"We eat cold eels and think distant thoughts." -- Jack Johnson
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Re: The causes for wisdom

Postby tiltbillings » Mon May 06, 2013 6:34 am

Probably goes without saying, enough meta-discussion and back to the topic, please.
This being is bound to samsara, kamma is his means for going beyond.
SN I, 38.

Ar scáth a chéile a mhaireas na daoine.
People live in one another’s shelter.

"We eat cold eels and think distant thoughts." -- Jack Johnson
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Re: The causes for wisdom

Postby mikenz66 » Mon May 06, 2013 7:23 am

Hi Retro,
retrofuturist wrote:
tiltbillings wrote:Robertk's OP statement: "But what is thought to be mindfulness in common parlance is often some type of tedious focussing on an approximation of the here and now. This is merely concentration, without any sati or panna, and is a wrong path." It is an ungrounded assertion and a wholesale dismissal of a path of practice.

TOS: Please refrain from wholesale dismissal of a particular view, approach, or teaching style.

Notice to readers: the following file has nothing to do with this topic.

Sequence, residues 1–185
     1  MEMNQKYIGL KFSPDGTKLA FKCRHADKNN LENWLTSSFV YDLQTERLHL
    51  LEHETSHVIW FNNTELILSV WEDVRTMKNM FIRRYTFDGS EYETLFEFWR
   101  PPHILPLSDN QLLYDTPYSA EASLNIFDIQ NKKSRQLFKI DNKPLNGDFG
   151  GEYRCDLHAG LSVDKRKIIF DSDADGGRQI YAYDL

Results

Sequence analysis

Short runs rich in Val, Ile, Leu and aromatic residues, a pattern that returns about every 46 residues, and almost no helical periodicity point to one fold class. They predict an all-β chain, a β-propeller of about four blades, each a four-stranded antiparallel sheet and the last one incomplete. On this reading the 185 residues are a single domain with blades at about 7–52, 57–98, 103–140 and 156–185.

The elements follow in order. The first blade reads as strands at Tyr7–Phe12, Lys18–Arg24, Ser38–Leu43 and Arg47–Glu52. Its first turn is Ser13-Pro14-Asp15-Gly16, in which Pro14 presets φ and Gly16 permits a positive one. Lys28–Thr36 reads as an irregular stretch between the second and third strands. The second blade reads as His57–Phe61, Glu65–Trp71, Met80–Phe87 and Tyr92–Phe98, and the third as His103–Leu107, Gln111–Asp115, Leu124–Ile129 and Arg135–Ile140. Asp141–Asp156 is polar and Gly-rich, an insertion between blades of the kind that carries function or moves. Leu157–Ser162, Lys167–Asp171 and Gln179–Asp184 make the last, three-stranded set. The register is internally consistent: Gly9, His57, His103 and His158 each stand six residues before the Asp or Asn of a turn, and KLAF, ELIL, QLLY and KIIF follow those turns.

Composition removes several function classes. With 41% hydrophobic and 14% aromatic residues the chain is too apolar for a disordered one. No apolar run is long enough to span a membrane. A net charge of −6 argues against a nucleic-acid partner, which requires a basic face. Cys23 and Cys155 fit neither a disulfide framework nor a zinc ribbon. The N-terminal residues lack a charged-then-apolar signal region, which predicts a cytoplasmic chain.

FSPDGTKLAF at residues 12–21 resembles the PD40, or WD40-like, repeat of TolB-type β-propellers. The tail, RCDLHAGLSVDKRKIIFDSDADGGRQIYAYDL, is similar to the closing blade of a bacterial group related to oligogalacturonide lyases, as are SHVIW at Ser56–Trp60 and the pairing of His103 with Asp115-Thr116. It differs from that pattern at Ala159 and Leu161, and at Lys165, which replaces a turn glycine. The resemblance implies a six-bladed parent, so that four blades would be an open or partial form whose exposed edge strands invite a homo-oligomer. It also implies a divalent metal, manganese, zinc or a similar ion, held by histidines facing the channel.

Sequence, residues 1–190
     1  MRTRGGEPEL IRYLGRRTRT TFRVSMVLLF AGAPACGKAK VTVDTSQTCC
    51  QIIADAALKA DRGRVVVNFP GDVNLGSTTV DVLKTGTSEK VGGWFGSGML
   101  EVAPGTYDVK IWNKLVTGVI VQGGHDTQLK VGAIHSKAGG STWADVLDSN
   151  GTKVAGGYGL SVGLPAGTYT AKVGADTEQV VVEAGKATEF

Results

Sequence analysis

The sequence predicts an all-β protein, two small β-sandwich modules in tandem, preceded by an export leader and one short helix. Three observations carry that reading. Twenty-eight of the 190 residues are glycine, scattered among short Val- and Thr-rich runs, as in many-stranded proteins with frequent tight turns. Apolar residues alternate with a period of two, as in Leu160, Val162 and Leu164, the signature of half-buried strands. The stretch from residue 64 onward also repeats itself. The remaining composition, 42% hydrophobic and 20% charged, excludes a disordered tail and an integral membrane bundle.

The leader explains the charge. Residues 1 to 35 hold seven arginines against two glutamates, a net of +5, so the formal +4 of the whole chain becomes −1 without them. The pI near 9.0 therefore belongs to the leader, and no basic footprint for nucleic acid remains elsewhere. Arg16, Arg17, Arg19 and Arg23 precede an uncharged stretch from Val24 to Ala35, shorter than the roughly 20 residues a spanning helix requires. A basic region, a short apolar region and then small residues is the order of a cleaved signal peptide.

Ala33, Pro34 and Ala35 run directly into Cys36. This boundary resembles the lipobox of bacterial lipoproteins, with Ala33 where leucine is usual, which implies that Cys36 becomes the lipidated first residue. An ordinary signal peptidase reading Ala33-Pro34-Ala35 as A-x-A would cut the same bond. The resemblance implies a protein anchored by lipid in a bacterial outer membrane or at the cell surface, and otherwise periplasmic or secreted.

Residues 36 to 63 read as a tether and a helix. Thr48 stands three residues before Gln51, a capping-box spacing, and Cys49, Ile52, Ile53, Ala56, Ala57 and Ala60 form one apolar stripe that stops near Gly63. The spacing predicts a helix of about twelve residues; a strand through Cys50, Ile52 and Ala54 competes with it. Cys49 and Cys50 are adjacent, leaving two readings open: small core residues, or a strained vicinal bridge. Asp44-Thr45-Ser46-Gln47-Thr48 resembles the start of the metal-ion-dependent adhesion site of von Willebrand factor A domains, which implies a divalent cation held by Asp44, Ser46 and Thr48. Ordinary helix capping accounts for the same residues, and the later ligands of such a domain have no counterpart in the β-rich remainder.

Maybe. Or it could just be saying that CBT (and any retreat-based equivalents) are not Dhamma, because they are not founded in the forerunner of Right View.

Well, it would therefore be interesting to hear specific details about specific teachers. As far as I understand, none of the teachers I have had encountered have had such egregious wrong view and in retreat situations have been careful to point out when my view was veering off somewhere. I've illustrated the views of some teachers a few times with quotations showing that they appear to have the same understanding as the Buddha, that all phenomena that arise arise from causes and conditions (and, to this extent, they are in perfect agreement with the Khun Sujin students). Surprisingly to me, these have generated no actual discussion about the issue.